The dance opens with two dancers in their matching leotards and caps, facing each other downstage. They gracefully bend forward from the waist, their feet fixed to the floor, in a pantomime of diving swimmers. The tone is formal, even dignified, and the dancers look like conservatively dressed, pre-bikini fad ladies from the 1950s. Even the votive candles arranged carefully on the stage suggest a solemn, ritualistic dance.

As their lower bodies remain motionless, the quickening pace of their diving movements and resting positions soon begins to suggest something less human and more akin to water birds plunging their necks below the surface of the water in search of food. 

The other two dancers soon enter, crossing the floor on all fours, arching and dipping and swaying with aquatic elegance. At the end of the first section, the diminutive Medina collects each of the small votive candles and removes them as she leaves the stage. The Diving Girls have begun diving more deeply, beneath their gender identities, and even beneath the meniscus layer of who they are in human society.

As the four dancers gradually exit, Vatnsdal’s first film scene appears on the scrim upstage. We see an image of a lake with the four dancers on their knees facing towards the shore, their backs to the camera. Fellows’ soundscape enhances the effect, with sound bytes of chirps and squawks suggesting a subtle dialogue between the characters of this dance and their natural environment, and alluding to their transition from formalist society to a kind of romantic Rousseau-ish vision of the natural world.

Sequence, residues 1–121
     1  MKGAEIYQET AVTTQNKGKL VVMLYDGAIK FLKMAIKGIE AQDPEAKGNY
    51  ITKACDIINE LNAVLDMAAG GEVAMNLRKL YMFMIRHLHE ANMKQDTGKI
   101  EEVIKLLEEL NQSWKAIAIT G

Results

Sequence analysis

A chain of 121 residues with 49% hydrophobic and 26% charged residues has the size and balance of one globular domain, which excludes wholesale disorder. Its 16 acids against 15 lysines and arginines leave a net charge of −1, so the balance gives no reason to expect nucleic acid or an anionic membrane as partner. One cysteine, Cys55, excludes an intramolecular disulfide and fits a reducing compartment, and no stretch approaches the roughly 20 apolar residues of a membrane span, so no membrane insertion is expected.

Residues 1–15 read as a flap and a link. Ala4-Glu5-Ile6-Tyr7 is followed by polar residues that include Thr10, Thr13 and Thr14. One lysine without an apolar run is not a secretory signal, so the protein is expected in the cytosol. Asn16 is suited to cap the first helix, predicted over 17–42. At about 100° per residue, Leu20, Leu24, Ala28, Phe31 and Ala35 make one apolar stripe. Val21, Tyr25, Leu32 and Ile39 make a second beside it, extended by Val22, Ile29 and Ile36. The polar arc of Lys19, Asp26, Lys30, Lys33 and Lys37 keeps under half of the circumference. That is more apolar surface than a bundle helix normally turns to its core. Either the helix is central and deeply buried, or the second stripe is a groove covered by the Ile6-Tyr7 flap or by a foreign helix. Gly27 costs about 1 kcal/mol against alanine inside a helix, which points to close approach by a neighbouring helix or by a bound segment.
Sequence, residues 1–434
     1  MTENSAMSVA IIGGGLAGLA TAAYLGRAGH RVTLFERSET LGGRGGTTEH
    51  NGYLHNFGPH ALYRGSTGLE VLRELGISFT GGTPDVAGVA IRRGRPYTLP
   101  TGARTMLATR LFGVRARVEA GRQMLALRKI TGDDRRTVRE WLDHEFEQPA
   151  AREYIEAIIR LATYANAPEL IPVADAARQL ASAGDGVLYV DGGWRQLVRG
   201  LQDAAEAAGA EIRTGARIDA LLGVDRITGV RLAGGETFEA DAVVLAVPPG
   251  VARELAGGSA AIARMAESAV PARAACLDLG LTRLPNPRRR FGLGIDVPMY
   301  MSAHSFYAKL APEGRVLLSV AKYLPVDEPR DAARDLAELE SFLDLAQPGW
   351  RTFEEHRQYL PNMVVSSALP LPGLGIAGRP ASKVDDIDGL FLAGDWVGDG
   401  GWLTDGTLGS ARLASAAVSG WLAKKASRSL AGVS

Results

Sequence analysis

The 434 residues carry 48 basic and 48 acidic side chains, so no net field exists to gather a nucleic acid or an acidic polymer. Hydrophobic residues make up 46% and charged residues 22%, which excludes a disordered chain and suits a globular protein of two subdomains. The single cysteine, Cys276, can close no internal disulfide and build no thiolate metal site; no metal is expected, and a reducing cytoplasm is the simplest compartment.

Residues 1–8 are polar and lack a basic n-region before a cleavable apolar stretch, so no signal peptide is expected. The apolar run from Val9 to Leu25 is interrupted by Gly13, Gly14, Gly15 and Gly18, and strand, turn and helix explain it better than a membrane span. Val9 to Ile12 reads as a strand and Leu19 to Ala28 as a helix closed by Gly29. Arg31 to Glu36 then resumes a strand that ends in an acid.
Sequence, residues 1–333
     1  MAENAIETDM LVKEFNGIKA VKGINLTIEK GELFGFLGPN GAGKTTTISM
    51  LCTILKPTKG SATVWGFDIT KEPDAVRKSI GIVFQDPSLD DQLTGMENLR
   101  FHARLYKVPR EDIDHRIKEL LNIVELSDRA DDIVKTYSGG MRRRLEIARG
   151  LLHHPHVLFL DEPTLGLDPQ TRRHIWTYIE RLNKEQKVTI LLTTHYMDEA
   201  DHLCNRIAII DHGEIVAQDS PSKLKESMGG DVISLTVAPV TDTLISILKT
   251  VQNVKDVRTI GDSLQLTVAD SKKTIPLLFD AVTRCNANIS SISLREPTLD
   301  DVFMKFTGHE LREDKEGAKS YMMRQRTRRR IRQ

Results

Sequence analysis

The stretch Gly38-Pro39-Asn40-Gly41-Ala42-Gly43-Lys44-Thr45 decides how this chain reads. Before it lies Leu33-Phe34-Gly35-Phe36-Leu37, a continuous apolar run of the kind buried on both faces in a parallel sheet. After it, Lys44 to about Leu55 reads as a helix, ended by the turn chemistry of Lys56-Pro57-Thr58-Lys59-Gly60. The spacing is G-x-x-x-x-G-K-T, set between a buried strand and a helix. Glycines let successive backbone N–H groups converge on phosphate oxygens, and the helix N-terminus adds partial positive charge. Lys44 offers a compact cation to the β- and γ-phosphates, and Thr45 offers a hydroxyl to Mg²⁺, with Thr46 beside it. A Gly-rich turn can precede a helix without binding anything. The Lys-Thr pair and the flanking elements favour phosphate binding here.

In subsequent film scenes, a black and white film fills the screen as the dancers leave the stage. The dancers appear in the film, this time on a desolate beach beneath an overcast sky. Their movements are all on land, though, almost never touching the water, as if they are creatures that evolved from, or around, the placid waters of the lake.